I made fast friends with intense people passionate about their place, who’ve identified a community need and solution as intuitively as breath, who pull from the well of their experience an overlay of hope to create some gem. The artists, planners, organizers, poets emerged in front of me as mystics –ushers of possibility, beauty and goodness. They speak love. They shed light on the beautiful and acknowledge that our human experience is part broken, part beautiful, and utterly exquisite. Thank you ArtPlace, for the encounters, the foray into delight of place.
In part to serve my memory I’d like to thank the porters of work done across our country, to continue to explore and learn from them. Following are the people who shared their stories with me during the social hours of the Summit, over dinner, dancing, twirling on a spun chair, drinks, walks, at breakfast, in workshop, and at play. Thank you all.
(Jen) Relocate Kivalina, AK
(Justin) Sunset Bridge Project, San Jose, CA
(Sarah) Southwest Minnesota Housing Partnership
(Searle) Jamestown Art Center, Jamestown, ND
(Kevin) Common Ground, Montgomery, AL
(Keith) Tucson Audubon Society ART | ECO: Placemaking Patagonia, Arizona
(Ramona Lisa) Fairmont Cultural Corridor, Roxbury and Dorchester, MA
(Tony & Angie) 303 ArtWay - Northeast Denver Art, Health and Heritage Trail, Denver, CO
(Tamara & Sophie) The New Buchanan Mall, San Francisco, CA
(Tiasia) Museum of Contemporary African Diasporan Arts, Brooklyn, NY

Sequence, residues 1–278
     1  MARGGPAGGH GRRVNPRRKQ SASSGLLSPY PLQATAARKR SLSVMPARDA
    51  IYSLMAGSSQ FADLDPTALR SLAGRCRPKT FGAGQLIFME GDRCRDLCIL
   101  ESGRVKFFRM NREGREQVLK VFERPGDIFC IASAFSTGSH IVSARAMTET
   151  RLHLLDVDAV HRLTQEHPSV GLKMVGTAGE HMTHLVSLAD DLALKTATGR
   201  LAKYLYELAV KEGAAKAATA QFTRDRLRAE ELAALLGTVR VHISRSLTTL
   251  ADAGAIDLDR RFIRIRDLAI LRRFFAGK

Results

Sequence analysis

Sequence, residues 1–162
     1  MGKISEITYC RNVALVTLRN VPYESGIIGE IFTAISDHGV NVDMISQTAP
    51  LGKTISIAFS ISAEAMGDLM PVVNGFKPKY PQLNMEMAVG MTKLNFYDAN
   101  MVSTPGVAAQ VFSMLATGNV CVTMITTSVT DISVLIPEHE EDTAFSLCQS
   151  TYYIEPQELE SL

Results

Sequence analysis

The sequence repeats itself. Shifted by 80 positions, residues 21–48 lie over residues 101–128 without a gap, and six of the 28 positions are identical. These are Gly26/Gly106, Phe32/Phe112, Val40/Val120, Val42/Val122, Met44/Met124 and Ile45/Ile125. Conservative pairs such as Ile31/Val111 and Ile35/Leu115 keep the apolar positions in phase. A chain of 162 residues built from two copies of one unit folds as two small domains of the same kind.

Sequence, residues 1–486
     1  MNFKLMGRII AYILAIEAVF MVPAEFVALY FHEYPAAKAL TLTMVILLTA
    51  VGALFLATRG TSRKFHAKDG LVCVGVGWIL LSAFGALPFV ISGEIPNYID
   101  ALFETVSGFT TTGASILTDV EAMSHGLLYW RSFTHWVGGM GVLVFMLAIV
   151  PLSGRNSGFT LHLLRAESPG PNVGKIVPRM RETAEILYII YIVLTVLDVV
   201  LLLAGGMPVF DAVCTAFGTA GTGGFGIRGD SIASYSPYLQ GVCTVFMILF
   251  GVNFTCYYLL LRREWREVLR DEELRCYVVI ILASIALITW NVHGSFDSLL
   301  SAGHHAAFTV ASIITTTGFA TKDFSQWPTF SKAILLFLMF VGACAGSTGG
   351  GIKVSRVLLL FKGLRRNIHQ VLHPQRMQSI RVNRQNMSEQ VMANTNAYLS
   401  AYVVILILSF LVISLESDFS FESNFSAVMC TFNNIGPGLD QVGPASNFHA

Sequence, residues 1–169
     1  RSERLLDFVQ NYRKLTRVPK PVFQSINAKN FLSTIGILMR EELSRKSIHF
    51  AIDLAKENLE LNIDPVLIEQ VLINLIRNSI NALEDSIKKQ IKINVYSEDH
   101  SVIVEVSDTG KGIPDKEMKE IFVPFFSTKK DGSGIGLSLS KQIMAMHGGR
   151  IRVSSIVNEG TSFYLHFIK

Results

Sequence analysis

(Big Chief & Matty) Foundation for Louisiana, The Mardi Gras Indian Campus: Eyes on the Park, New Orleans, LA;
(Kate) Department of Play, Boston, MA
(Dawn) Art Shanty Projects’ On—Ice Program, White Bear Lake
(Meg) Western Folklife Center Ranch Lines – Moving Rural Verse, Elko, NV
(Ian) Reading Terminal Market Streetscaping Filbert Street, Philidelphia, PA
(Shelly) Uniontown Creativity Center, Uniontown, WA
Best for last…TheRUExchange Team (pictured above)
(Adam) Lanesboro Arts Campus, 2013 | Lanesboro, MN
(Caran) Main Street Creative Corridor, Little Rock, AR
(Aya) UChicago Arts & Public Life, Chicago, IL and Haji Courture, Oakland, CA
(Rachel, me) The Fargo Project, Fargo, ND
“The ultimate goal is to make an emotional connection with the audience, which leads to an emotional connection with your brand.” - Kelly Shores, CEO of Sparksight, event manager for TEDxAustin 2013
Sure the content of a conference or an event is critical, yet it seems we need something special to make it memorable. Recently, Reach Partners attended We Are OTA. The event curators intentionally transformed the venue with a sense of play, contrived intersections for connection with others, and used words, people and art to spark new ideas. To boot, the creators thoughtfully considered the sensory experience for the attendees.